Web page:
Accessibility tips to keep your website inclusive

Updated: 11/30/23

Inclusivity in your website shouldn’t be an afterthought. A website that isn’t accessible may prevent as many as 1 in every 4 adults from using and navigating your site. 

Illustration of a laptop and phone with different icons pertaining to sight, touch, hearing and cognitive ability.

Why? Differences in ability can range from mild to severe, temporary to permanent and can be related to motor skills, cognitive abilities, seizure disorders, vision and hearing. Therefore, when you’re making design decisions for your website, there are a lot of factors to consider regarding varying levels of ability.

That is why we’ve created these quick tips to get you started with creating an accessible experience.

1. Use colors with sufficient contrast.

Users with visual impairments may not be able to access content without sufficient contrast. Increasing the contrast between colors on your site allows everyone to access the content you have to offer. There is a lot that goes into it, but luckily, there are websites like Contrast Checker and WebAIM that can help you test whether or not your colors are accessible.

2. Don’t rely on color alone to convey meaning.

For example, don’t just indicate an error on a web form by changing the color to red. Approximately 7% of men in the U.S. – about 10.5 million – who see red and green differently than others might miss those visual cues. So, when you do use color, consider accompanying it with an icon and/or message too.

3. Choose fonts that are clear, readable and scalable.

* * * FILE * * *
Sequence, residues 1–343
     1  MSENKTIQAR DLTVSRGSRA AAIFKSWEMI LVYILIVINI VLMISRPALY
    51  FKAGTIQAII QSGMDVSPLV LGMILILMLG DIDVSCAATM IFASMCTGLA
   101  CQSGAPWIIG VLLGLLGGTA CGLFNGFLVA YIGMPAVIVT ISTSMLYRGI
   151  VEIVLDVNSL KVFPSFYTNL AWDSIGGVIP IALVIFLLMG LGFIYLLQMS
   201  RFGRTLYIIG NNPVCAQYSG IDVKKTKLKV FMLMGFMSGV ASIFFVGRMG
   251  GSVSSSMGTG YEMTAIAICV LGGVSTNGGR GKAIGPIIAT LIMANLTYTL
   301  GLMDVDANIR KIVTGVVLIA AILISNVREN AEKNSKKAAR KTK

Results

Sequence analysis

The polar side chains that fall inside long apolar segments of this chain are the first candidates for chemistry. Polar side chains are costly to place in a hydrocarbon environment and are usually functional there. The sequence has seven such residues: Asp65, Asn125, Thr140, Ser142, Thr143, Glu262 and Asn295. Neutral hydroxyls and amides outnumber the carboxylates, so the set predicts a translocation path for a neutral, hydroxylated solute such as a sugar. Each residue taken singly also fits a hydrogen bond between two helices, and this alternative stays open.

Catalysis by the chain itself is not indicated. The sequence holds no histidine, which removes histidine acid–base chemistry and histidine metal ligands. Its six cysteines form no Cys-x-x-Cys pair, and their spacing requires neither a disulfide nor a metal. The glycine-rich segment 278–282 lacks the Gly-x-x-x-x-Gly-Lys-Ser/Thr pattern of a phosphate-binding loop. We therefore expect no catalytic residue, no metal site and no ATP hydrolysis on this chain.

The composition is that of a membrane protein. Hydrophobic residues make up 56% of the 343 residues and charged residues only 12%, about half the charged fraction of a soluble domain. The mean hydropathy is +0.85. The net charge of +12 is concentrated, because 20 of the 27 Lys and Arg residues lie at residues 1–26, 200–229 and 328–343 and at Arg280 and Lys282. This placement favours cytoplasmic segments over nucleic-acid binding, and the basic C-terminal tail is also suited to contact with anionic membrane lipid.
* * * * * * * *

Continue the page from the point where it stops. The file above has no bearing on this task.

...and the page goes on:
Overly stylistic or decorative fonts can be hard to read for people with dyslexia or other vision and cognitive learning differences. Gravitating toward san serif fonts and readable serif fonts will ensure your copy is accessible to everyone. Making sure your content is scalable also ensures access to screen readers and other learning aides. 

Read more: How does website accessibility affect low-vision internet users?

4. Be consistent.

Users look for and follow patterns within websites. From text, link and button styling to where certain components are located on a page, consistency is key. When you change a pattern, or try to reinvent widely accepted internet practices you can cause confusion, not just among users with disabilities, but with everyone navigating your site.

5. Be careful with animated components.

Avoid flashing images, loud colors and patterns that may trigger seizures.

6. Make sure you include GOOD alt text on images.

Alt text is a “behind-the-scenes” element that describes the content and purpose of non-text elements like images, icons, animations and more. Alt text gives a vision-impaired person using a screen reader access to non-text elements, but it can also be helpful if an image does not load due to a server error or slow connection. This article by Moz includes some great tips and examples.

7. Include captions/transcripts on audio and video.

Captions allow someone who is hearing-impaired access to your content. They also enable someone in a noisy space without headphones to access your content without audio. Additionally, captions can help someone who is not fluent in the posted language and struggles with accents. If you need help, there are services like Temi who will transcribe video and audio for you.

8. Write content that is simple and concise.

Avoid long paragraphs, utilize bulleted lists and avoid jargon and abbreviations.

9. Write clear calls-to-action.

Avoid vague calls-to-action and sneaky links that try to persuade users to do something. To someone with cognitive disabilities, it is not clear what the call to action is and they are likely to leave your site without completing any action.

10. Stop using “Click here” and “Read more” as your link descriptions.

Most people just scan content, so writing meaningful link descriptions will help users get to where they want to go quicker. Similarly, a site visitor using a screen reader would have to listen to an entire page for context because “click here” offers no value. Nielsen Norman Group offers some great tips for writing great links.

Read more: Your diversity, equity and inclusion efforts are disingenuous if you discount accessibility

We understand that these tips may be hard to tackle for outdated websites with one too many “quick fixes” or patched up code. Let’s talk about your pain points, accessibility must-haves and what recommendations we may have for your site.